I think the most important thing to keep in mind is clichés. Although your characters may accidentally fit into some of them, you generally want avoid them. It makes your writing seem bored and does not mark it as individual.

Also, when giving information on your characters don’t go overboard . Yes it is important the reader gets to know the characters to create connections with them, but take it easy. Ease up on the accelerating pad and drop in facts here and there not all at once. Not only will this improve your writing style by making it less stodgy, but it will allow the connection between reader and character to be more gradual.

The next thing I’m going to say may sound completely ridiculous, but just go with it. Let the characters write themselves. Of course you will be the one churning out the words, but the character will make decisions within the plot based on traits you’ve given them. If you force them away from a decision, it won’t be realistic, because you will be going against their personality.

This is all just my opinion on the whole writing process and you may disagree and do things differently. I hope this helped.

[GUEST POST] How To Motivate Yourself To Write | Being A Young Writer #2

Hey guys, I’m Michelle and I blog at The Writing Hufflepuff Today I’m here to talk to you guys about motivation. Sometimes it’s hard to find motivation to write, even though we love to do it. So how do you find the motivation to finally start writing?

Just do it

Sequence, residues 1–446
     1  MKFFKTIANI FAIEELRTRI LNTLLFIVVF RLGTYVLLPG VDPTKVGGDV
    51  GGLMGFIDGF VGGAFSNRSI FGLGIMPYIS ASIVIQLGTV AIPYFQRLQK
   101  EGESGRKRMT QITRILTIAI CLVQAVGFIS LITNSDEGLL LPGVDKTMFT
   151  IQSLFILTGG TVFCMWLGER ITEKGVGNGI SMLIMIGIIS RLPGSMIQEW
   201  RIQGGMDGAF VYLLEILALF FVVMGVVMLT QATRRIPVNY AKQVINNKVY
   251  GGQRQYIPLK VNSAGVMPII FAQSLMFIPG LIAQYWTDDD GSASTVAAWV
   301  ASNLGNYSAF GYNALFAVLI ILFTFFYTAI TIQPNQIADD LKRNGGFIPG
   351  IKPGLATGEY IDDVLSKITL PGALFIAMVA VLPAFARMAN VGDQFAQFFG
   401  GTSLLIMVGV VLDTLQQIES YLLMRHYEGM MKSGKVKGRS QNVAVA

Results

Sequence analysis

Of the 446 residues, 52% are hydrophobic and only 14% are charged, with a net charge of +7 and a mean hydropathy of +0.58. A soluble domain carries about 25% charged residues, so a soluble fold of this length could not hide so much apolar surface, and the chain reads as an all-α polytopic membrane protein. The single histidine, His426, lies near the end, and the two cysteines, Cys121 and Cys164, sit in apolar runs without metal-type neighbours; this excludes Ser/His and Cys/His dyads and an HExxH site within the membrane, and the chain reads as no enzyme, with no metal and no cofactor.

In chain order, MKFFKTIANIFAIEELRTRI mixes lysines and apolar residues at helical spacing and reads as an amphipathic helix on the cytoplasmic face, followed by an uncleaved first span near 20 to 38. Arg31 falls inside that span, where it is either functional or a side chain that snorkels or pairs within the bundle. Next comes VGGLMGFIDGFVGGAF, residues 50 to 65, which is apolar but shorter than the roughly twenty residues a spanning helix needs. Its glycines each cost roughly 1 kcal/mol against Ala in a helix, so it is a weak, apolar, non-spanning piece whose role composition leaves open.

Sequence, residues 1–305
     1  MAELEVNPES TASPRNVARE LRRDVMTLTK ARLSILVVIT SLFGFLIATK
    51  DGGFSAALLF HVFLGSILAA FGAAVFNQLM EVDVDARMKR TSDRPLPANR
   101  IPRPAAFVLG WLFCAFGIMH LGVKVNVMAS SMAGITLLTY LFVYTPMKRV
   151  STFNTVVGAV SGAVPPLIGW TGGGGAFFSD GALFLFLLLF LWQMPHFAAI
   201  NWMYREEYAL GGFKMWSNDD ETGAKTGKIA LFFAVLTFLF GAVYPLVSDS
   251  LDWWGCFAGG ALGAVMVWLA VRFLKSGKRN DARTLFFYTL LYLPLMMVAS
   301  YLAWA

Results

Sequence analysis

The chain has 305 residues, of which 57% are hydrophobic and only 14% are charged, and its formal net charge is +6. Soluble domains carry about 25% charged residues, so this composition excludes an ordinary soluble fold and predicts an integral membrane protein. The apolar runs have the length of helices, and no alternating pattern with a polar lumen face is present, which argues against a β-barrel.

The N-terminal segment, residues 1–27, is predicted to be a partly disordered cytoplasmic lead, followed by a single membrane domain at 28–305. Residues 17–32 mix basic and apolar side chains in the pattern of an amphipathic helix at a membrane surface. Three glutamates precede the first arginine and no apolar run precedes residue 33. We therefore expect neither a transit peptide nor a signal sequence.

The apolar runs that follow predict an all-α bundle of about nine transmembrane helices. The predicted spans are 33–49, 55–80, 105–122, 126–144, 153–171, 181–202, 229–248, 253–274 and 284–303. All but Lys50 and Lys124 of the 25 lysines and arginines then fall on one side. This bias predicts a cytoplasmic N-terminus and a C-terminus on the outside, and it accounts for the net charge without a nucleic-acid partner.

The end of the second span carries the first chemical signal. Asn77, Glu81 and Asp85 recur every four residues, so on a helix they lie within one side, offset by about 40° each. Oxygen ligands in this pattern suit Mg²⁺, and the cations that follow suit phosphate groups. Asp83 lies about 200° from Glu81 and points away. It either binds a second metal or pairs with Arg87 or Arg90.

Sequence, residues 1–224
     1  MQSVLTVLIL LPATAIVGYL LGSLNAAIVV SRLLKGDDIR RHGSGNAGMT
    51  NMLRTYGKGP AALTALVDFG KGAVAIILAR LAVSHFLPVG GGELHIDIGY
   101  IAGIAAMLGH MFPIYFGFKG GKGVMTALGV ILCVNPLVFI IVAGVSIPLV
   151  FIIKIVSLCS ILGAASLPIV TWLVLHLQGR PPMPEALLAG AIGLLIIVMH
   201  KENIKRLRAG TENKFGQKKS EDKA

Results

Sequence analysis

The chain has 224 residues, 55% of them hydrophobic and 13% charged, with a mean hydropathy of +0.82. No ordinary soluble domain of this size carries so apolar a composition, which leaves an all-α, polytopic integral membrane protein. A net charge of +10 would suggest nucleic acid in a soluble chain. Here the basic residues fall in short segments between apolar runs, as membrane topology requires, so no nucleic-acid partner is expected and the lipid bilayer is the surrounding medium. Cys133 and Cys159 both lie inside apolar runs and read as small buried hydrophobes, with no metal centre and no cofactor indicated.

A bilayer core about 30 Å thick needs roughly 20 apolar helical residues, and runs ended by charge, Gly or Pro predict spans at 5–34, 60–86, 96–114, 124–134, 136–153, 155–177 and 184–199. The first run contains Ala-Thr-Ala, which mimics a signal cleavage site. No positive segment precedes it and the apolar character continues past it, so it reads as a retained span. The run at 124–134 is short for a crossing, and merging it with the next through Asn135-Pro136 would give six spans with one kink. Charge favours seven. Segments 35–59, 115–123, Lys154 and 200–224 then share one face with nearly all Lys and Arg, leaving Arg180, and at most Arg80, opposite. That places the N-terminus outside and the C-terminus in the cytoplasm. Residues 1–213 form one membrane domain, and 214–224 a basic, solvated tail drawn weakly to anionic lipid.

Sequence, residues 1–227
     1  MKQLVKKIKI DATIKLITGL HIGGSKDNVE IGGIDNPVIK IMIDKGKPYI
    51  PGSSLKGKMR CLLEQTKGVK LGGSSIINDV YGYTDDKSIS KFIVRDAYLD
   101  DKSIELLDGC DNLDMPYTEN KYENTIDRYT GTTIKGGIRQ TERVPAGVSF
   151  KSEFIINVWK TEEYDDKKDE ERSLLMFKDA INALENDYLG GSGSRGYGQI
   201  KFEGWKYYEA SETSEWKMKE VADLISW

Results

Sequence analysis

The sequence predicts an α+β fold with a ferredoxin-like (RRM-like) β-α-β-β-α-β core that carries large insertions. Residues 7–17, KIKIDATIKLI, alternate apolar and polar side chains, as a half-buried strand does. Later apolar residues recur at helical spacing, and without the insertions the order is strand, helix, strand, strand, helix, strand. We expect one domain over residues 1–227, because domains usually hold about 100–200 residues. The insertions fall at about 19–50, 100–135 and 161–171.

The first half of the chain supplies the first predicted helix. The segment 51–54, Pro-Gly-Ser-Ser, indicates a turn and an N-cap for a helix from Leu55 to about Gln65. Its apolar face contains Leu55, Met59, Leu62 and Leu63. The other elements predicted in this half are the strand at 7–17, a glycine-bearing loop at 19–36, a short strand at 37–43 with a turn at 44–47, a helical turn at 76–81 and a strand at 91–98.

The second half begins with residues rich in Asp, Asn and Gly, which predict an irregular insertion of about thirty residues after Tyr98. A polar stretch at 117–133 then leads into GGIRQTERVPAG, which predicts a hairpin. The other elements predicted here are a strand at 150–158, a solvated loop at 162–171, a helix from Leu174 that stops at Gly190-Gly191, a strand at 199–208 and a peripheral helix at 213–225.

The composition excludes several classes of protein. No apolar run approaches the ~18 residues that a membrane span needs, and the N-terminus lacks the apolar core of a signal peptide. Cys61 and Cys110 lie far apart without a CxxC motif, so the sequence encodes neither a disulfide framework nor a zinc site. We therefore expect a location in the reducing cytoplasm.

Of course that’s easier said than done, because often even though we open our notebook or Word document, we’ll still stare at the empty page or even at our already written words and just close it again because ‘nope, not feeling it today’. I’d still advise you to try. I’ve found that sometimes it does really help to just do it. I wake up, thinking that I’m not going to write anything that day because I’m tired and without any inspiration. Then I open my document and all of a sudden I’ve written 2000 words. But like I said, it’s easier said than done.

Continue reading “[GUEST POST] How To Motivate Yourself To Write | Being A Young Writer #2”

Review of ‘The Girl of Ink and Stars’ by Kiran Millwood Hargrave

girlofinkandstarsTitle: The Girl of Ink and Stars

Author: Kiran Millwood Hargrave

Publisher: Chicken House Ltd.

Publication Date: May 5, 2016

Pages: 228

Blurb via Amazon: Forbidden to leave her island, Isabella dreams of the faraway lands her cartographer father once mapped. When her friend disappears, she volunteers to guide the search. The world beyond the walls is a monster-filled wasteland – and beneath the dry rivers and smoking mountains, a fire demon is stirring from its sleep. Soon, following her map, her heart and an ancient myth, Isabella discovers the true end of her journey: to save the island itself.

‘The Girl of Ink and Stars’ is Kiran Millwood Hargrave’s debut novel and what a debut it is. Hargrave paints a beautiful picture of a made up land and as I always do in made up lands within books, I want to explore them. But like the main character, thirteen year old Isabella, I was forbidden to explore at the start of the book, so I genuinely empathised with her frustration and longing.

Continue reading “Review of ‘The Girl of Ink and Stars’ by Kiran Millwood Hargrave”

Review of ‘Lady Midnight’ by Cassandra Clare

Lady MidnightTitle: Lady Midnight

Author: Cassandra Clare

Publisher: Simon & Schuster Children’s Books

Publication Date: March 8, 2016

Genre: Fantasy

Pages: 720

Blurb via Amazon: The Shadowhunters of Los Angeles star in the first novel in Cassandra Clare’s newest series, The Dark Artifices, a sequel to the internationally bestselling Mortal Instruments series. Lady Midnight is a Shadowhunters novel.

It’s been five years since the events of City of Heavenly Fire that brought the Shadowhunters to the brink of oblivion. Emma Carstairs is no longer a child in mourning, but a young woman bent on discovering what killed her parents and avenging her losses.